Kibera slum in Nairobi, Kenya. (AFP / Yasuyoshi CHIBA)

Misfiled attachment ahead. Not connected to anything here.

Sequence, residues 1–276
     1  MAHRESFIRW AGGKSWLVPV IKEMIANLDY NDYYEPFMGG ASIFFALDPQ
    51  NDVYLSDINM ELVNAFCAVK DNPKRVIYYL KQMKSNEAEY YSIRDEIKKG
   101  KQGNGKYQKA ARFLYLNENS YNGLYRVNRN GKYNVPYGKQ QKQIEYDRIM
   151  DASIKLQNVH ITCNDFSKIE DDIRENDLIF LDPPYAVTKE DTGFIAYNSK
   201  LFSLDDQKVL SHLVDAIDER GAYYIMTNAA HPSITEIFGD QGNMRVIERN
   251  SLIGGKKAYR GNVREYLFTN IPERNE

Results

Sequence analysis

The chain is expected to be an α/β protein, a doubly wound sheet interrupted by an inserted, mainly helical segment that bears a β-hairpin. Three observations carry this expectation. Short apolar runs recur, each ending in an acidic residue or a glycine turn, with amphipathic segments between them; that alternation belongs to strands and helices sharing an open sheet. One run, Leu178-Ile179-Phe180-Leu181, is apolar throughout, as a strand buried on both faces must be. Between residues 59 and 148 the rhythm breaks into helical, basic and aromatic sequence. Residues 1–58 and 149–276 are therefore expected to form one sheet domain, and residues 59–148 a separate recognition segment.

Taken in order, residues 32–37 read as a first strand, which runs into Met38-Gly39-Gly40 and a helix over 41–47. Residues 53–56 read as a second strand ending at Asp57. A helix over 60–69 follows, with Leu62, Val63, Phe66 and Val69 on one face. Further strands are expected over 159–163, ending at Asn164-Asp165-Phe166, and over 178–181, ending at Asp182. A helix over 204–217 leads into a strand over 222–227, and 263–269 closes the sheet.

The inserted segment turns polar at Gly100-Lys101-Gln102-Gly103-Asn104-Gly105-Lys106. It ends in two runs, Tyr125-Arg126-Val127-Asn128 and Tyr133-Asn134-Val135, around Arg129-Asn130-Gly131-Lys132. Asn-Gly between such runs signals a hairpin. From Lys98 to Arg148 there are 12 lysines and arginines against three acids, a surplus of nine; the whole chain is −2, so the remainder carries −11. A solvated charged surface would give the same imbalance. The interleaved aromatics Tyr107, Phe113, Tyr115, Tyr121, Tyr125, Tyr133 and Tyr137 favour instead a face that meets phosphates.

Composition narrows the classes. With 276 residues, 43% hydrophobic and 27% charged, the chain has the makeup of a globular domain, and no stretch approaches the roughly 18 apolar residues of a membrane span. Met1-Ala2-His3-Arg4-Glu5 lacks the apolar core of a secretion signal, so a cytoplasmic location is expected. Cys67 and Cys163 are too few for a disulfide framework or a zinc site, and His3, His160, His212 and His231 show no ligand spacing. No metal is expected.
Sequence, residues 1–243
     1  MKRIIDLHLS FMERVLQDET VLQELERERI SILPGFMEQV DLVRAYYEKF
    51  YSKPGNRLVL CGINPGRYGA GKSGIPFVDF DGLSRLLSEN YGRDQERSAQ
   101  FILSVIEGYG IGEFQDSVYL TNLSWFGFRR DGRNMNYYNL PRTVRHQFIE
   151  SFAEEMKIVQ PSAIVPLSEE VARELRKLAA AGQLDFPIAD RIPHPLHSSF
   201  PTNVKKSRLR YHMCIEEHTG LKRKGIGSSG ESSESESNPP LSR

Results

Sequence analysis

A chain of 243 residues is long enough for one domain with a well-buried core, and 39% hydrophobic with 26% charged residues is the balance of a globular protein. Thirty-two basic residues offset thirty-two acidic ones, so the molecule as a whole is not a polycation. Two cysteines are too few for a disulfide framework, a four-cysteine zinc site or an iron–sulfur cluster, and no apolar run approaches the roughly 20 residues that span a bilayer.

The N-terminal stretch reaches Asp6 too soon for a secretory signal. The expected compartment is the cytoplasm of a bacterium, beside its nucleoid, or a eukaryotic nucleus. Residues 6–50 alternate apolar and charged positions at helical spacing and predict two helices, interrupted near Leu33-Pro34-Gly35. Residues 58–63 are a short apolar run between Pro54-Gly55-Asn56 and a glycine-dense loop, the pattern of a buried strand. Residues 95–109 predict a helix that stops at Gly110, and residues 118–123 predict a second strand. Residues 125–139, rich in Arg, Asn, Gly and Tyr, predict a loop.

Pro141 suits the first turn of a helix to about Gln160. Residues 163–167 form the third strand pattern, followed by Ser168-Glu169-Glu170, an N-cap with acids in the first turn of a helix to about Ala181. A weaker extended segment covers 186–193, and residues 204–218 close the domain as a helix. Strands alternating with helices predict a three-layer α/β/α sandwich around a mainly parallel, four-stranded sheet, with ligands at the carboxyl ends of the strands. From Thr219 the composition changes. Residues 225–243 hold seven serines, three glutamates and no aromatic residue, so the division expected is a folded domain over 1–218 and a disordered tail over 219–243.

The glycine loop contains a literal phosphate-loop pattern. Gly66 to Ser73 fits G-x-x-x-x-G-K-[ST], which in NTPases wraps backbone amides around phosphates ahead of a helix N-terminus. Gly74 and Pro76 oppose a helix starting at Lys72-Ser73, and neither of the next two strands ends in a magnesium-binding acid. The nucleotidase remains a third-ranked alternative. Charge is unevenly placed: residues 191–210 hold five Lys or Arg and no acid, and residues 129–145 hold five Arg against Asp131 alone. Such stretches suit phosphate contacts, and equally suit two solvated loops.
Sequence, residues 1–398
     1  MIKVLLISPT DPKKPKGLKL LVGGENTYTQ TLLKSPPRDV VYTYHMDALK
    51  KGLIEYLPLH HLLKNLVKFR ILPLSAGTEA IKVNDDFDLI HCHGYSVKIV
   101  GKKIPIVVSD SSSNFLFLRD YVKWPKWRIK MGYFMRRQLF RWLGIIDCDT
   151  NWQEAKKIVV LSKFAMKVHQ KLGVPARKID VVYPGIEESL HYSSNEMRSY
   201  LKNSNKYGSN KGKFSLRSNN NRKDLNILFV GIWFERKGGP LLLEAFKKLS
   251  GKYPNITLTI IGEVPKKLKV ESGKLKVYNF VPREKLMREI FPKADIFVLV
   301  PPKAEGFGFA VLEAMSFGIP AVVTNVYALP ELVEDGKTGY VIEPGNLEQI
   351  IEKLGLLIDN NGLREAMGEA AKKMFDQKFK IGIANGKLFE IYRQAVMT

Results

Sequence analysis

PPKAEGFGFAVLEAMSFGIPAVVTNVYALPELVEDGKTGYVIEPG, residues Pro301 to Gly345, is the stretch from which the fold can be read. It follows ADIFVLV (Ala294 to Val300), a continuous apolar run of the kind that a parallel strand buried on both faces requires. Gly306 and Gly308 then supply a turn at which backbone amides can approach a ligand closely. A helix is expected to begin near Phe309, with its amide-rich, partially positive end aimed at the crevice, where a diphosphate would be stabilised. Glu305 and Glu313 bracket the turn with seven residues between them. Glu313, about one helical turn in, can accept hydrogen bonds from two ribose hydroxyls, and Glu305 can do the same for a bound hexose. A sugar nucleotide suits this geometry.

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So some Africans are uncomfortable with the rise of cremations, long considered taboo but a growing necessity as migration to cities is crowding out graveyard space and producing a landless generation without cash for a funeral.Last month authorities in Kenya's capital, Nairobi, urged Kenyans to accept cremation amid a shortage of space at the public cemetery in the neighborhood of Lang'ata, where some bodies have been piled on top of others.The cremation last month of Kenneth Matiba, a former presidential candidate and once one of Kenya's wealthiest men, has provoked more talk of the practice as a not-so-terrible choice in a socially conservative country of over 48 million people where many landless people occupy crowded slums.Some people have inquired about cremation but have not gone through with it, said Stephen Musoke, operations manager at A Plus Funeral Management in the capital, Kampala. The company has organized the cremation of just one Ugandan since 2002, he said."A graveyard is an encumbrance, a big, big encumbrance," said Emma Ssekandi, a land broker in Kampala. Cremation is a viable alternative, he said, although he himself would rather be buried at his ancestral home.
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